Droughts, unreliable gas imports, and protests against proposed projects have hampered the Chilean power sector and its largest economic driver, the copper-mining industry. Recent policies designed to foster more reliable supplies are a move in the right direction, but remaining obstacles are formidable.
Glow Energy’s 382-MW Glow Phase 5 power plant in Thailand exceeded early expectations by packing into a tightly constrained space more capacity than anyone thought possible. The plant’s engineering feat earns it recognition as a POWER Top Plant for 2012.
The Tennessee Valley Authority (TVA) is known for its large fleet of coal-fired plants. With TVA’s renewed emphasis on nuclear power and gas-fired generation, the organization will soon fulfill its new goal: “to be one of the nation’s leading providers of low-cost cleaner energy by 2020.” Construction of the 880-MW John Sevier Combined Cycle Plant puts TVA one step closer to achieving that goal.
The natural gas and electricity industries have entered into an increasingly codependent relationship as coal-fired electricity gives way to natural gas–fired generation. Both industries are firmly committed to providing reliable service, although each goes about its business in different ways. Utilities, regulators, and stakeholders are searching for ways to align interests and expectations.
Faced with the need to begin generating its own power after decades of relying on larger regional suppliers, and impending renewable portfolio standard requirements, the Lea County Electrical Cooperative had to get creative. Its choice of a highly flexible gas-fired engine plant that will work together with a nearby wind farm makes this a POWER Top Plant.
Set to begin commercial operation on Sept. 17, 2012, the 280-MW Lodi Energy Center is the first “fast-start” combined cycle power plant in the U.S. The advantages of the gas turbine’s shorter startup capabilities are reduced fuel costs, lower emissions, and the versatility to effectively partner with intermittent renewable energy sources. The new power plant is located next to the city of Lodi’s municipal wastewater treatment plant and uses its treated wastewater for cooling purposes.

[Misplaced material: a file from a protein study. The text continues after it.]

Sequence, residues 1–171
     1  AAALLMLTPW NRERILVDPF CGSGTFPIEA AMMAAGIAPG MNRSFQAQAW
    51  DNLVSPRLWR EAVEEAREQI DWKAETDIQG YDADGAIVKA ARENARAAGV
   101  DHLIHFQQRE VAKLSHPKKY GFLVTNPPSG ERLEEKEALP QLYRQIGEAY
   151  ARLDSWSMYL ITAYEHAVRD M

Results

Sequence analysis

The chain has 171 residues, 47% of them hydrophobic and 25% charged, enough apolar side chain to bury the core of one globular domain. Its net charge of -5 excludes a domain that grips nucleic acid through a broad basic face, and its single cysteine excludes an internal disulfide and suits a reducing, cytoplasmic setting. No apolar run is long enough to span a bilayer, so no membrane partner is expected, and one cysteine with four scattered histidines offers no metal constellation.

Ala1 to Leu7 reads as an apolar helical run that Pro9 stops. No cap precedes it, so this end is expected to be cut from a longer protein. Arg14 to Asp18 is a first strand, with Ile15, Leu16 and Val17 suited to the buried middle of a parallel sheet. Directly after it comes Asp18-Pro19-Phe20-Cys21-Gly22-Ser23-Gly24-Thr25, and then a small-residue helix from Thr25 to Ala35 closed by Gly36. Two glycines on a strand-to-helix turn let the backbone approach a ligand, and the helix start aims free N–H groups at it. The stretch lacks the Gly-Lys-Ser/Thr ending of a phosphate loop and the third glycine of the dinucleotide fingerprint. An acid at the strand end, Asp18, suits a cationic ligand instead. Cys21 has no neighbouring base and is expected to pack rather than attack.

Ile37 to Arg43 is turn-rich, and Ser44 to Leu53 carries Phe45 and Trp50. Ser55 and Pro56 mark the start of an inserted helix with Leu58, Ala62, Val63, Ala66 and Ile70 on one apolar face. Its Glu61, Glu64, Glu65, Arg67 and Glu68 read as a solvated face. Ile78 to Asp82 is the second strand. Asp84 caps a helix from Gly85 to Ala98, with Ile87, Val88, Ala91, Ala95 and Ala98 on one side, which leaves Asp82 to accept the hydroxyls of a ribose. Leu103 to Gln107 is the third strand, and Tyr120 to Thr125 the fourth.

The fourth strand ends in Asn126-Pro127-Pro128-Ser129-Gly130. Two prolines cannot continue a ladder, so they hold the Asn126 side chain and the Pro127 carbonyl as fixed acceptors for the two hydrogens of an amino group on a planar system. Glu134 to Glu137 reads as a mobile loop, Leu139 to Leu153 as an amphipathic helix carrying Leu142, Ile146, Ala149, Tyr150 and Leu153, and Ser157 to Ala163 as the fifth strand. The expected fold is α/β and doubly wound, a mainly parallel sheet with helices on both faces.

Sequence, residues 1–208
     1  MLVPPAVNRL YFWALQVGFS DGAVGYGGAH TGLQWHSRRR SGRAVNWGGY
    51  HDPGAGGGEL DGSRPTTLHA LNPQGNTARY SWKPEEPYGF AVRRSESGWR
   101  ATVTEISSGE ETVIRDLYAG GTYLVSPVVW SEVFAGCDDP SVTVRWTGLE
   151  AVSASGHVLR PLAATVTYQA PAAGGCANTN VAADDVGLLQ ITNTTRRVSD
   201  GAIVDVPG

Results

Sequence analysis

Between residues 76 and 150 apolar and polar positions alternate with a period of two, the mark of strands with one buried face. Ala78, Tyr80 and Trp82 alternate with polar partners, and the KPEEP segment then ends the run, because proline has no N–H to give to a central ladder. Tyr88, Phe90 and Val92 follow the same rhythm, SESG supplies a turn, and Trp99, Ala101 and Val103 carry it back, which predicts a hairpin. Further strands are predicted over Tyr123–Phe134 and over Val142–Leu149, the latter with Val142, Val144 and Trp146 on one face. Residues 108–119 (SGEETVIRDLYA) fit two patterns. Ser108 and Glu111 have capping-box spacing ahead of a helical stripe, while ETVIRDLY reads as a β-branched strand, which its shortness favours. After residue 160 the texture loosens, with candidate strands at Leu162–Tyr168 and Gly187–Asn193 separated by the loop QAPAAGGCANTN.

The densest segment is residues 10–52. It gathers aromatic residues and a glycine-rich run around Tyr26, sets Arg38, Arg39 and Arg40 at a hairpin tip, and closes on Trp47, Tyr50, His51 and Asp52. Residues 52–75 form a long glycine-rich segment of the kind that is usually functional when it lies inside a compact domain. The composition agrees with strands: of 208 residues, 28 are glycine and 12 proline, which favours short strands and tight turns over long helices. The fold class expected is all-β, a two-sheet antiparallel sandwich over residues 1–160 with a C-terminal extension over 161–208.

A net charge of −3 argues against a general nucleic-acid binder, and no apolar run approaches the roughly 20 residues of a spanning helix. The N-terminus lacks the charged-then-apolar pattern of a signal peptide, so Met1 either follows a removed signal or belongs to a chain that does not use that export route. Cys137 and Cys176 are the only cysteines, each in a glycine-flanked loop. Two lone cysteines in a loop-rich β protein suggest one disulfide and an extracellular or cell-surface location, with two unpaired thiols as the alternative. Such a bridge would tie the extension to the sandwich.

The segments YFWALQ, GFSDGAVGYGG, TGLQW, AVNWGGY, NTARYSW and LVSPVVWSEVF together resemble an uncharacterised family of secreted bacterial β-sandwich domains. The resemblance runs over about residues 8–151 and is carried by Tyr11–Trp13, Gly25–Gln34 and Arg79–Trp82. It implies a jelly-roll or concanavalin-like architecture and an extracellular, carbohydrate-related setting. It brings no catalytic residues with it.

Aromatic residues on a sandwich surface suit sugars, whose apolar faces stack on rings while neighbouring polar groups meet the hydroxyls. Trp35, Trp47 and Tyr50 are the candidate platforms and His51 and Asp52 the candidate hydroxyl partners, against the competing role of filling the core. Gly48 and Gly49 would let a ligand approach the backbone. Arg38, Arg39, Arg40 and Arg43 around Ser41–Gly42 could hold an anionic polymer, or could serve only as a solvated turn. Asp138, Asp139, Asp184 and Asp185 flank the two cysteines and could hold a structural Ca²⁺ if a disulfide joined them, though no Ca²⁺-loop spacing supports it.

As part of the University of Iowa Research Park’s efforts to promote renewable energy use, the new campus power plant’s engine generators are designed to operate primarily on landfill gas when the pipeline from the Iowa City Landfill is completed, with natural gas as a secondary fuel source. To make it more efficient, the plant’s waste heat recovery system captures waste heat from the gas engine generator’s cooling and exhaust systems to produce hot water for heating, or chilled water for cooling, campus facilities.
The widespread transition from coal to natural gas for new generation is exemplified by the morphing fleets of some of the biggest U.S. generators. Figures show the amount of power generated by each company using coal (top) and natural gas (bottom). Sources: POWER, NextEra, Duke Energy, Tennessee Valley Authority (TVA), Southern Co., American Electric Power […]
Several major power plants around the world began operations over the past months.
The 1,309-MW Claus C power plant showcases the successful repowering of an existing steam power plant by upgrading it and adding a highly efficient combined cycle plant that doubles the original plant’s power output for just a 35% increase in fuel consumption. In addition, the newly retrofitted plant is cutting CO2 emissions by 40% compared with a simple-cycle gas-fired plant of equal capacity.